In October, Google launched its proprietary digital fingerprinting technology to protect companies it had licensing agreements with. By December, users were uploading more than 300,000 videos a day and were viewing 800 million pages a day. In May 2008, Google began using its digital fingerprinting technology to protect everyone's content, including Viacom's. Today, four hours of extraordinarily diverse video are uploaded each minute. The briefs don't contain any hard numbers, but it's hard to believe that unlicensed copyright content draws anywhere near a majority of page views now.

Hints of Google/YouTube's Guilty Conscience

Google's own actions may prove problematic for its defense in the lawsuit. First, prior to buying YouTube, Google described it as a site that facilitated the theft of intellectual property. Further, one of Google's requests during licensing negotiations is notable: Google demanded a release from prior infringement claims, including claims based on the way YouTube copied and distributes the videos that users upload. That suggests Google wasn't sure the DMCA safe harbor really applied.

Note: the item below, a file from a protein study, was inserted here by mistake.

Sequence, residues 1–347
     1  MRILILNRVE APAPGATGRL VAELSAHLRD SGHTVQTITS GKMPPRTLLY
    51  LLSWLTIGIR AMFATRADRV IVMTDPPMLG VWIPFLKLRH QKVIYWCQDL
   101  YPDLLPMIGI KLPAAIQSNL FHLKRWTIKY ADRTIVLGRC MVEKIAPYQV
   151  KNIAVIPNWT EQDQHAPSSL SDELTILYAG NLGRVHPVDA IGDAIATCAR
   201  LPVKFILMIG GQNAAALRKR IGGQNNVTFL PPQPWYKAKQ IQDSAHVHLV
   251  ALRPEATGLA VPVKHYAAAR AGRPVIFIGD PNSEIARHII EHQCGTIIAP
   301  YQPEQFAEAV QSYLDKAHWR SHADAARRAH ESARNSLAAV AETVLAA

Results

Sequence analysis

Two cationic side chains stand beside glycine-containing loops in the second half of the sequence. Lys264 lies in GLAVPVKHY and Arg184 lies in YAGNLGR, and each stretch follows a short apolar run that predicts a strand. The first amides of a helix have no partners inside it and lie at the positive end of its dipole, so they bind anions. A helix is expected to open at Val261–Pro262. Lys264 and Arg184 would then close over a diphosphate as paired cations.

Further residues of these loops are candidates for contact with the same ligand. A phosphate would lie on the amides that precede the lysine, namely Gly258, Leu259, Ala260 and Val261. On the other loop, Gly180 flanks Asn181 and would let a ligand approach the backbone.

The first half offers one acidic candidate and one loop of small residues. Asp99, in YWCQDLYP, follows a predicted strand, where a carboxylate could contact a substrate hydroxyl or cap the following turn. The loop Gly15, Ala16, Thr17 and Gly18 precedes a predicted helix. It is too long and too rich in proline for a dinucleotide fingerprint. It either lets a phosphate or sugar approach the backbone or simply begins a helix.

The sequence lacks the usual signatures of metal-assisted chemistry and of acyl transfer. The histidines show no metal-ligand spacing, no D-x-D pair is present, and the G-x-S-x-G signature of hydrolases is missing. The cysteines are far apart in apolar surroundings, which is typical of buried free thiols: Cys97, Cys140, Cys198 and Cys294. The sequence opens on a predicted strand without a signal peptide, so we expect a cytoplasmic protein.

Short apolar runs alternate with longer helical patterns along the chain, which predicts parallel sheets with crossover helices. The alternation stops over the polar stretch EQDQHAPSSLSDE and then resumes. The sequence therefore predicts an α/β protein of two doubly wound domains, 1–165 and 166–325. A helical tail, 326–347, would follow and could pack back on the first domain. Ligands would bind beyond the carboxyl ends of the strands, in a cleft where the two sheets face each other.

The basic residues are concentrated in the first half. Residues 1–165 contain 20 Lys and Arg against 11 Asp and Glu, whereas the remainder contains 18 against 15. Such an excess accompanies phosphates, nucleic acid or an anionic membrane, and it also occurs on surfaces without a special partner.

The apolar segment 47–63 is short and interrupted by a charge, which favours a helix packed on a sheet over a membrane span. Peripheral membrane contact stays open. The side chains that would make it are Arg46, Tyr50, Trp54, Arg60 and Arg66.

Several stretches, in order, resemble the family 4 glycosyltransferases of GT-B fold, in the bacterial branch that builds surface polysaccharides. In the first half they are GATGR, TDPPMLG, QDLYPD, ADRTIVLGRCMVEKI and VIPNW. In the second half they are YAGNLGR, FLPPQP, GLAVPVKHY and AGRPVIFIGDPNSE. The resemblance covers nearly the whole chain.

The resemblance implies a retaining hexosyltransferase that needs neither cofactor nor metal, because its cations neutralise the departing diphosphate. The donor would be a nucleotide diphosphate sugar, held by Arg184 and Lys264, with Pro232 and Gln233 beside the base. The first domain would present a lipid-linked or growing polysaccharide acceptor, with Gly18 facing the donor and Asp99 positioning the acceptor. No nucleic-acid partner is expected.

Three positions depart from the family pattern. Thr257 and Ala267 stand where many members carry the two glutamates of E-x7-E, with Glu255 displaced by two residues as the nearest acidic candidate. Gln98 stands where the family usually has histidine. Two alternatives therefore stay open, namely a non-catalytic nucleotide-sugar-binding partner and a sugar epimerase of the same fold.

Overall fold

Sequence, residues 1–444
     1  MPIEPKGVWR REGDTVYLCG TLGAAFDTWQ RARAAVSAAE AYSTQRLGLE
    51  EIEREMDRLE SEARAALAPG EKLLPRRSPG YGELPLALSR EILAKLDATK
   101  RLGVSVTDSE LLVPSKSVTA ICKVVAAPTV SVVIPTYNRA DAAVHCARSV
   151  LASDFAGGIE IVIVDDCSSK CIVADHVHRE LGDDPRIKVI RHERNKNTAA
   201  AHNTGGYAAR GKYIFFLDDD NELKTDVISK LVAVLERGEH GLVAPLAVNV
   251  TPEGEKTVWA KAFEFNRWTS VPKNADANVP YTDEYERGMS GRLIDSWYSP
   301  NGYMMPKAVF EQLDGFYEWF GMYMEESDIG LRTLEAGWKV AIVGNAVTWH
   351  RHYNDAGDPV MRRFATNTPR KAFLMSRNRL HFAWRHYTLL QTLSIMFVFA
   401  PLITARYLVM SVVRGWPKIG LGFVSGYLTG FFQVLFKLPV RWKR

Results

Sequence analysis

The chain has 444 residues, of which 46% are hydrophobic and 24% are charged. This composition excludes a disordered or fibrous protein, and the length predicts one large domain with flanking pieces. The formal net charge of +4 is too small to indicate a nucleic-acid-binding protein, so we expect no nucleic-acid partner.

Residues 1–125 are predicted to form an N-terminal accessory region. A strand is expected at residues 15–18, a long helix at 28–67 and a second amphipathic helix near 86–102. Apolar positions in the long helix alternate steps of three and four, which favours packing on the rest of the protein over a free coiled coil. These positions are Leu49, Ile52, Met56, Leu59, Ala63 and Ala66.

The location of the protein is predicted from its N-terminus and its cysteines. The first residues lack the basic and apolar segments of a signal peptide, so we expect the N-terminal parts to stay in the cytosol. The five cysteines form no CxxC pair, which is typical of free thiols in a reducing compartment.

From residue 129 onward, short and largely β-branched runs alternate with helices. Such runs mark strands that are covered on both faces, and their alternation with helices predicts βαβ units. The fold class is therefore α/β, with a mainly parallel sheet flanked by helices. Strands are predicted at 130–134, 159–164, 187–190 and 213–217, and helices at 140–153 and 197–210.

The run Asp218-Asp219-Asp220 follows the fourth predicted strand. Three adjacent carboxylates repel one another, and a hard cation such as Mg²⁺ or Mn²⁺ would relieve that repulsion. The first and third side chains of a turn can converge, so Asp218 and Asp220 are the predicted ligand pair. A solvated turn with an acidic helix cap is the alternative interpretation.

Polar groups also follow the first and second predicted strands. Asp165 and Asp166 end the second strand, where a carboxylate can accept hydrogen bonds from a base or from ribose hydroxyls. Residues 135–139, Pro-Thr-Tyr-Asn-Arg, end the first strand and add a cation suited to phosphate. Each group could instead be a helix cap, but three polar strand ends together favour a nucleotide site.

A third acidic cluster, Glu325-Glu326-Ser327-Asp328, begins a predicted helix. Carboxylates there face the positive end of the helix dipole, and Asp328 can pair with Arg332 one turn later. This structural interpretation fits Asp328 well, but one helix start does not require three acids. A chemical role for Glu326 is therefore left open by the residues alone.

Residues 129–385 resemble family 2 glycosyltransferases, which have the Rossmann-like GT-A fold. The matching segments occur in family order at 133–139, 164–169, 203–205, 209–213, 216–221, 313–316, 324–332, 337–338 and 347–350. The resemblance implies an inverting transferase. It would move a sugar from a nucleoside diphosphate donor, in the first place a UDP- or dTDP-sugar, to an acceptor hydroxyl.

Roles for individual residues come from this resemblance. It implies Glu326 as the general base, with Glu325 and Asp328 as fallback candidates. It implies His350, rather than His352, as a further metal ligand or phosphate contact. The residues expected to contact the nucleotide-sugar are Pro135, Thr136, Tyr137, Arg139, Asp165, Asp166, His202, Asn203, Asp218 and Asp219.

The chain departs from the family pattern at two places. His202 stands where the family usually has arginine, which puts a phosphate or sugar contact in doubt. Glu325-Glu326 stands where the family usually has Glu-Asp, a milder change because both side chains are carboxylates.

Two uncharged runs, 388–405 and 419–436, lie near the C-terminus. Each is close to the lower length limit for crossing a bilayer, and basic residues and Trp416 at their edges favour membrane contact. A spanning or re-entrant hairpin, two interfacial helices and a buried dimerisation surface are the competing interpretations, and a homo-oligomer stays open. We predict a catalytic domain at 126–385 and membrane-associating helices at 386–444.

Also, there have been discovery issues on Google's side. Google CEO Eric Schmidt found almost no documents to produce from June 2006, when Viacom's effort to acquire YouTube really took off, to February 2007, when licensing negotiations between YouTube/Google and Viacom failed. Schmidt asserts that for the last 30 years, he has deleted emails, or arranged for their destruction, as soon as he read them, unless he was told to hang on to them. Schmidt also asserted he didn't remember receiving one of the pre-acquisition emails about YouTube's pirate-esque behavior. Similarly, Larry Page, Google co-founder, says he doesn't remember anything about the deal, not even if he was for or against it.